An airline that operated out of Madrid-Barajas Airport in Spain, Quantum Air has had several titles in its time, being called Aerolineas de Baleares and AeBal. Responsible for transporting passengers on a scheduled flight basis within Spain, the company also operated chartered and ACMI flights throughout Europe. Ceasing to trade at the end of January 2010, Quantum Air originally wet leased their fleet to Spanair and formerly operated in their own right.
Starting its life in 1999 with three Boeing 717s, Quantum Air took to the sky for the first time in July 2000 at Madrid Airport. At this point, the airline used it’s Spanish title, Aerolineas de Baleares Blue Star and operated under the AeBal-Spanair linked brand. A company that was owned 51:49% between Spanair and the SAS Group, the airline employed just over 150 people and operated domestic scheduled flights to Bilbao, Fuerteventura, Gran Canaria, Lanzarote, Tenerife, Malaga, Seville and Alicante from it’s bases in Madrid and Palma de Mallorca.
‘A marvelous airline to work for!’ – Spanish pilot 2007
Its somewhat short and turbulent journey saw the overall company established in 1999, the use ceasing of the AeBal part of its operations in 2008 and SAS exiting in 2009 with many of it’s financial systems being removed. The Quantum Airline journey had its final touch down in January 2010.
‘I couldn’t have asked for a better holiday flight!’ – Terry Bookkeeper, Virtual Business Source 2008
Airlines during the lifetime of Quantum Air saw many changes, with financial planning becoming turbulant, pricing strategies changing and prices literally tumbling from the sky. This made the 1990s and the early 2000s a really tough time for airlines to remain competitive. In fact, in 2010 it is reported that as many as 20 airlines were forced to shut the doors on their departures.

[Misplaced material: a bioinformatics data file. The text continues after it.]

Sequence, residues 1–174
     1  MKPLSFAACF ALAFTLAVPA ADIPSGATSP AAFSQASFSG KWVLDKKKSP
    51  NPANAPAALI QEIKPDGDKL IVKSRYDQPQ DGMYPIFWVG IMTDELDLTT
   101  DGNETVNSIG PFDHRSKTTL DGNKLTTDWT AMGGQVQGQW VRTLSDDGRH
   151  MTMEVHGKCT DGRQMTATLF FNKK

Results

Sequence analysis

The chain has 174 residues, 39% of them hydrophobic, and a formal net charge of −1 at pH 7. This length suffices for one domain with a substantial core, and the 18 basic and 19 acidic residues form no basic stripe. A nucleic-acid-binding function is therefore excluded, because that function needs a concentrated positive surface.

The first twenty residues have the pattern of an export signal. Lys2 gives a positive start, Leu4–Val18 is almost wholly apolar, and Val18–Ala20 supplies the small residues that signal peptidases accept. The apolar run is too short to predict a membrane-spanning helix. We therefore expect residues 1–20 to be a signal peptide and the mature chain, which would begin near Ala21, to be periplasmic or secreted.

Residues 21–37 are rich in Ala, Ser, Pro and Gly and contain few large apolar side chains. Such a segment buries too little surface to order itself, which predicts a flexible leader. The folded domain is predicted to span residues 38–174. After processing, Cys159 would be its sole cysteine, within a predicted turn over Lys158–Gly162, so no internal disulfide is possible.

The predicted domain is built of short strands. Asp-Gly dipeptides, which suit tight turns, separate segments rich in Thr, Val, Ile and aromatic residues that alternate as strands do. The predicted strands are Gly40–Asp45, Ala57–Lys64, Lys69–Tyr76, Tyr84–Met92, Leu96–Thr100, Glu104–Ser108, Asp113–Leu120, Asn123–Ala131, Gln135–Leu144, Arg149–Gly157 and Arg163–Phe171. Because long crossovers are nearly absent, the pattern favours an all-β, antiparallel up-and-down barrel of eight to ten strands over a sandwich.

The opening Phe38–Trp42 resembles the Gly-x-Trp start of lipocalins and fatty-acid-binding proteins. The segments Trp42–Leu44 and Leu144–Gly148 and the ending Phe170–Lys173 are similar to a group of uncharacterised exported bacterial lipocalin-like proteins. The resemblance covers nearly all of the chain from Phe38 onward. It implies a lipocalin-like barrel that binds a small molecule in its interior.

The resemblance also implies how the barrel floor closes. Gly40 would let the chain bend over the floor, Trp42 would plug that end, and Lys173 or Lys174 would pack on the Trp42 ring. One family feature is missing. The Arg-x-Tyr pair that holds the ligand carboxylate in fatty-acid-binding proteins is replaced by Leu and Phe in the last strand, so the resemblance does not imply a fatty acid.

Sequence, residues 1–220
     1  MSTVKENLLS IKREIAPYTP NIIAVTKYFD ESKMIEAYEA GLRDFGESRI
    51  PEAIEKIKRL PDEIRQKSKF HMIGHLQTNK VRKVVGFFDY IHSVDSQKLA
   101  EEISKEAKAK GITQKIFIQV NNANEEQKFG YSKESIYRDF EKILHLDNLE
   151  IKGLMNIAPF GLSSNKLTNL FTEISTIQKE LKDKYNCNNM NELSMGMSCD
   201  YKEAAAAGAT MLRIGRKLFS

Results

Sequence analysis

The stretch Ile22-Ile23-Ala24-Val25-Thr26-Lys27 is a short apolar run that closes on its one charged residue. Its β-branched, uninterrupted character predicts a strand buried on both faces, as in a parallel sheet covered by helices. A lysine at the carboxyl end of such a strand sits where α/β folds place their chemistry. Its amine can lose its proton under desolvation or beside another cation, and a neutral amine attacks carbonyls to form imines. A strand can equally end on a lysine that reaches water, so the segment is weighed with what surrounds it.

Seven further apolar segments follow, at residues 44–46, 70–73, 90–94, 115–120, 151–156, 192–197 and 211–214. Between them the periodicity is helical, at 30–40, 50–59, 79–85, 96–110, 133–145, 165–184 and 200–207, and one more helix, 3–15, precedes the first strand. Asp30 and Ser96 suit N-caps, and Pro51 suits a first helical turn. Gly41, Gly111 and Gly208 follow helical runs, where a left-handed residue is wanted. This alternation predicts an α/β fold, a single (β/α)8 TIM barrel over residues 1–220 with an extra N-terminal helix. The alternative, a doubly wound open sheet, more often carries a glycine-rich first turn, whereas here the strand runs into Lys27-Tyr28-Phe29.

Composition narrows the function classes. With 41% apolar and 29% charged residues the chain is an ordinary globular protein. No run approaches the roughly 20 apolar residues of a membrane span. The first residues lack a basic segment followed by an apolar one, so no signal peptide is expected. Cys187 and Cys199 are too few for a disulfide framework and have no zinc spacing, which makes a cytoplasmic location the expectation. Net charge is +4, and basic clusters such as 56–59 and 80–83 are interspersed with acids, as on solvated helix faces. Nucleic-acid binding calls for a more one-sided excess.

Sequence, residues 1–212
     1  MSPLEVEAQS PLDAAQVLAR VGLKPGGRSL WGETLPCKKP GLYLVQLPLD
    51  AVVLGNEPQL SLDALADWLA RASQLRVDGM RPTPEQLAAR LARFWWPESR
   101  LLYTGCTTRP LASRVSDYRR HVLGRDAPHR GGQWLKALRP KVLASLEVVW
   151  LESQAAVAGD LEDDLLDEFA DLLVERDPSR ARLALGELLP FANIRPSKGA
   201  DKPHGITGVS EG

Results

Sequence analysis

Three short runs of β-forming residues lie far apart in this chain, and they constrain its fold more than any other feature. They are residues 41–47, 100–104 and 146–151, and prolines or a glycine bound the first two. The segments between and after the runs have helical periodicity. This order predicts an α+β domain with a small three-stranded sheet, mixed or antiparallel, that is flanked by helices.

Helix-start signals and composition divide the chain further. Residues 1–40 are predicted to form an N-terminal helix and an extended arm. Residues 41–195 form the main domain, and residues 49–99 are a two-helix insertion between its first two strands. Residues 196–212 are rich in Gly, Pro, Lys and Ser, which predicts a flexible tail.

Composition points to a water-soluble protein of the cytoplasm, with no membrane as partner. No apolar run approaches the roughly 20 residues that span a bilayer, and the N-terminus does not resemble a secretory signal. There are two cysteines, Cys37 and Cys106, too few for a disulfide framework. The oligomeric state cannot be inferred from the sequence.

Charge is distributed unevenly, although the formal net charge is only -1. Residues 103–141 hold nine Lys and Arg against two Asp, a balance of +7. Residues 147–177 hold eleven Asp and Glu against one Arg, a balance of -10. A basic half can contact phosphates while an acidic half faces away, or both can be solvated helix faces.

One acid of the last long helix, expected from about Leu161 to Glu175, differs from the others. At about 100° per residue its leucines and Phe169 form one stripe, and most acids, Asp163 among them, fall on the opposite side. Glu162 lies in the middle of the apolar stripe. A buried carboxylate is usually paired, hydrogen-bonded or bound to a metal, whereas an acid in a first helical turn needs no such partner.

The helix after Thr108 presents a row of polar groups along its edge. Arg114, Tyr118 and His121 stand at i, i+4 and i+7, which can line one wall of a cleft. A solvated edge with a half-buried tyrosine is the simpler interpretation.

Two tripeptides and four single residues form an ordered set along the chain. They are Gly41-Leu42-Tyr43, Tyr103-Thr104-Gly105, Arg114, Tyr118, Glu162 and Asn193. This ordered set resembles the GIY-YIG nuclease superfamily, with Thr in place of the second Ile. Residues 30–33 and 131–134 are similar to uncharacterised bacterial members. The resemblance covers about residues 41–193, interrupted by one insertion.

Names such as Skyservice, Air Jamaica, Blue Wings and FlyDirect are amongst the list of casualties that coincided with Quantum Air’s demise. During this period, the likes of Ryanair and EasyJet were taking apart, bit by bit, an industry that had been steeped in luxury and high prices for years beforehand. Although many of the airline spokespeople from the likes of British Airways and Lufthansa refused at the outset to believe that consumers would be taken in by budget prices and being forced to buy every extra that had previously been included in the price, they later had to eat their words. Flights were suddenly being stacked high to sell cheap. People moved in their droves from British Airways to the budget airlines; irrespective of their reasons for travel.
At the end of the day, the objective of any airline is to make money and selling seats at prices that people can afford and are willing to pay is an important part of achieving this objective. The recession brought with it savvy consumers who were seeking more for their money and they were keener than ever to shop around and make compromises. The analogy of the supermarkets illustrates this perfectly and has many similarities with what has happened in the airline industry. You only need to look around you to see the number of loyal Waitrose shoppers who are now loyal Lidl or Aldi fans to begin appreciate what has happened to airlines like Quantum Air.